How to make a $100k tax write-off on your investment fund
If you’re making $100,000 a year and you’ve inherited a large fund, then you can take advantage of the tax-free write-offs on the funds your parents and grandparents contributed to in order to reduce your tax bill.
But if you’re a student or in the middle of an investment journey, you may want to consider a different strategy.
You can write off your parents’ and grandparents’ investment contributions in the form of a tax-deferred annuity.
The IRS allows you to deduct the entire cost of the annuity up to $5,000, and it’s a tax shelter.
If you plan on investing for the rest of your life, this is the tax break you should consider, because the money is tax-deductible.
But even if you do choose to write off the money, you’ll still have to pay tax on it.
The tax-preferred way to do so is to deduct any amount over $5.00 from your taxes.
This method works because the annuitant will take the portion over $500.00 off your taxes if you have an adjusted gross income of $150,000 or more.
However, if you owe taxes on your first $150k of taxable income, you will still owe the remaining $50k in taxes.
So if you want to minimize your tax burden, you might want to take advantage for yourself by opting to write-up your contribution on a tax deferred annuity or annuity plan.
But the truth is, you don’t have to choose one or the other.
There are many tax-advantaged ways to offset your investment contributions.
In the first place, you can simply write off any unused investments you don´t need to pay taxes on, like stock investments and mutual funds.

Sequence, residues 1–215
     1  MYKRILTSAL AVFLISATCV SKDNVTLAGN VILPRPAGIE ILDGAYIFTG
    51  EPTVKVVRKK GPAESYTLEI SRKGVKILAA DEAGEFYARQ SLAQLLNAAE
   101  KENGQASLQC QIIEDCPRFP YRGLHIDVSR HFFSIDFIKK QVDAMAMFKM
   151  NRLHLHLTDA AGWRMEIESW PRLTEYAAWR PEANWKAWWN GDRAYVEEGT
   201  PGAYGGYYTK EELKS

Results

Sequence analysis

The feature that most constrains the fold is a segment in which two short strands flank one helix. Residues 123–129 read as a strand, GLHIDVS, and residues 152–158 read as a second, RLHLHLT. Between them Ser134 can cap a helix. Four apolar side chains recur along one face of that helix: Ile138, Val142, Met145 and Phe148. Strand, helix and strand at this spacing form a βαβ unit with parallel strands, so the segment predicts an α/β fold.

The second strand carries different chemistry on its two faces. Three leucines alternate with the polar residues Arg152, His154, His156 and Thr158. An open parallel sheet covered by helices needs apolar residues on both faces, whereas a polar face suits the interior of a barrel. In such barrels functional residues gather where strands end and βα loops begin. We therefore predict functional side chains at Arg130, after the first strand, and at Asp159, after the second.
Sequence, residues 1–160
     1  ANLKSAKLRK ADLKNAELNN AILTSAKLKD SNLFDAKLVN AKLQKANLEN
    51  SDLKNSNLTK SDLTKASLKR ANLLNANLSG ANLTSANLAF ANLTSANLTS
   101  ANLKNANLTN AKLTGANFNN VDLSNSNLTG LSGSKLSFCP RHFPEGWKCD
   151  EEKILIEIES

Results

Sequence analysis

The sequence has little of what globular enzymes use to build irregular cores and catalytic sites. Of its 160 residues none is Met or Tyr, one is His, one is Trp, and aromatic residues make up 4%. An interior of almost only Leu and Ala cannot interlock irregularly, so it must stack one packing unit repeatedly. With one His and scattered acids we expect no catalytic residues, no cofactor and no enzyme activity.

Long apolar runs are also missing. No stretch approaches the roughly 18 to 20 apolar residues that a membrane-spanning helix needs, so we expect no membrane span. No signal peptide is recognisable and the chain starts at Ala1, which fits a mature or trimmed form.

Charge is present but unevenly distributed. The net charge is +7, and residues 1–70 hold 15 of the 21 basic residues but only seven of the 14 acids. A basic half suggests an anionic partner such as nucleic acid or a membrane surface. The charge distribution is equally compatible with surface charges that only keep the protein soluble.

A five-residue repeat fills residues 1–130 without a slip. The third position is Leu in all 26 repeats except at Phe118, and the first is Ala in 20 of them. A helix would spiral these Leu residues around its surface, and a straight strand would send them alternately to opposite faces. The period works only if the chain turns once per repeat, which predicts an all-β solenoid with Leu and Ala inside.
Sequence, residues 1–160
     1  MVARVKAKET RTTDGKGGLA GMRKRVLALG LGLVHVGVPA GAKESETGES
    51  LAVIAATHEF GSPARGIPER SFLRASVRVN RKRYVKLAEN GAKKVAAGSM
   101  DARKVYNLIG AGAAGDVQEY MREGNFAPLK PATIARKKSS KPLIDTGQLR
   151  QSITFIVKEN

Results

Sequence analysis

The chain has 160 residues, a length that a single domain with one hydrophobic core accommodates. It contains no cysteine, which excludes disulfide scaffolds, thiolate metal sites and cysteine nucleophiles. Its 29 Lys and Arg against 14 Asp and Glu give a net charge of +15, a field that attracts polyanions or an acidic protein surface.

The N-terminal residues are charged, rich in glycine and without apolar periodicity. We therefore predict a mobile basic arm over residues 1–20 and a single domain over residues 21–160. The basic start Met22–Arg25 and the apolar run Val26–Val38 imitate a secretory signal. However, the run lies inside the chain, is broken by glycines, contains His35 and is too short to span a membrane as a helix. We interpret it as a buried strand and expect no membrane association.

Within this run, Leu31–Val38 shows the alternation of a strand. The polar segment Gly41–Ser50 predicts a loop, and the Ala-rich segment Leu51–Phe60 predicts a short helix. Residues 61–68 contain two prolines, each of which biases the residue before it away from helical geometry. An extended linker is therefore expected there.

You can also write-down any income that’s already taxed and defer all or part of your capital gains tax payments.
If you make $10,000 per year and own a $10k investment, you could write- off $2,500 in taxable income to offset the $5k of investment interest.
This way, your investment income is exempt from taxation.
The tax-exempt method is often the way to go.
If your tax bills are coming due, you have the option of deferring tax payments or deferring your income until you pay your bills.
You don’t need to write any checks or make any other payments, but you can defer payments for the next 5 years.
This option is also an option if your tax obligations are coming soon.
You could also write off unused investments for up to 10 years and have them taxed in perpetuity.
Lastly, you should check with your tax advisor before you make any investments to see if the tax deferral option is a good fit for you.
Tax advisors can also advise you on tax-saving strategies and how to choose the best method to offset investments you already have.
The more options you have, the better your chances of making the best decisions about what’s right for you, your family and your investments.